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A Tale of Two Baltimores

Martina Evans, Esquire | 5/10/2015, 6:08 a.m. | Updated on 5/10/2015, 6:09 a.m.
A beautiful and unique city, Baltimore is rich in many ways – its people, culture, heritage, resources, talent and history. ...
Special Op-Editorial courtesy of Martina Evans, Esquire (Courtesy Photo)

— I love my city. I graduated from Baltimore City Public Schools, Baltimore City Community College and the University of Baltimore School of Business and Law Schools. I live, raised a son, attend church, own a home and businesses, volunteer, mentor and vote in Baltimore. Growing up, I worked in my father’s record store on W. North Avenue, two blocks from Penn North. And my roots are here. Simply put: I am well vested in and committed to my city.

A beautiful and unique city, Baltimore is rich in many ways – its people, culture, heritage, resources, talent and history. Truly Charm City USA. And as a lifelong resident, I’ve experienced its charm, beauty and wealth. I always relish in hearing stories from my parents, grandparents and other elders of Pennsylvania Avenue where such Baltimore legends – Eubie Blake, Billie Holliday, Cab Calloway – and other Black entertainers, such as James Brown, Duke Ellington, Louis Armstrong and Nat King Cole performed when they visited Baltimore. I’m engaged when I attend local plays which portray “The Avenue” of yesteryear.

We’re very resilient, hardworking people and I come from a long line of proud, blue collar workers: Grandparents, all City homeowners were a retired domestic and City public works employee; and a YMCA maintenance supervisor and a factory worker. They loved Baltimore. And my mother’s a retired postal worker. However, Baltimore’s uniqueness is awkwardly mired in traditionalism and an Eastside/Westside dichotomy often to the detriment of our youth. Last week’s events echoed the sentiments many have had for years. Although traditionally a blue collar town, much of the economic richness of Baltimore has been reserved for the “elite”.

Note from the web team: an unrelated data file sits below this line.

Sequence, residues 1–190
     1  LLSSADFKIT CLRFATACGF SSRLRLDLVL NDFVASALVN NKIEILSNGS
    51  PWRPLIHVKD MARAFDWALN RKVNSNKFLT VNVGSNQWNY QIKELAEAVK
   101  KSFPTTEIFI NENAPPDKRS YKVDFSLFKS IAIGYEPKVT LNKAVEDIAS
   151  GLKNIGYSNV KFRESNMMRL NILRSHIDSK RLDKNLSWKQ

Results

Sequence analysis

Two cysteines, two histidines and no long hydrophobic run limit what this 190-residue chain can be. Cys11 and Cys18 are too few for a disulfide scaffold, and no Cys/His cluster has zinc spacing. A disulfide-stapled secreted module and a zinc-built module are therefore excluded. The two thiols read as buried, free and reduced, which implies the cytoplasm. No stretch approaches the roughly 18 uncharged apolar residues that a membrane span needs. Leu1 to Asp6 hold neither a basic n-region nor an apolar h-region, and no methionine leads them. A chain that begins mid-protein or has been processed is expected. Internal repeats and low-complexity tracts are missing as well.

Due to a disparity of wealth, the quality of life for many has diminished since I was a child and young adult. I remember as a little girl going to a baseball game at Memorial Stadium with my uncle and his family, who lived in the Penn North area. It was an enjoyable and affordable family outing. Not so now. The residents of Penn North are within sight but not within reach of attending baseball and football games at our stadiums. Because of the escalated ticket prices, they’ve never been to a game; they simply cannot afford the tickets. To make matters worse, during the protests, people from surrounding counties and other states, from as far away as Boston, did what’s typical: Come into OUR City; attend the Orioles game; disrespect US and call US racist names; and then leave OUR City without depositing any wealth into our urban areas. Again, these events are reserved for the “elite”. One Baltimore???

White supremacy and racism are real and in some ways, the opportunities for many Blacks in Baltimore are worse now than just a few decades ago. For example, as a high school graduate in the 1980s, I received my first corporate job with an insurance company in downtown Baltimore. And I had a number of Black coworkers. Fast forward to 1996: While working at another insurance company, USF&G, as a temp while studying for the Bar exam, I applied for a job but could not even get an interview although seated immediately outside the Human Resource coordinator’s office. Three years later in my law practice, I quietly settled a discrimination case for a lady passed over for promotions given to White employees who she’d trained during her 20 plus years at USF&G.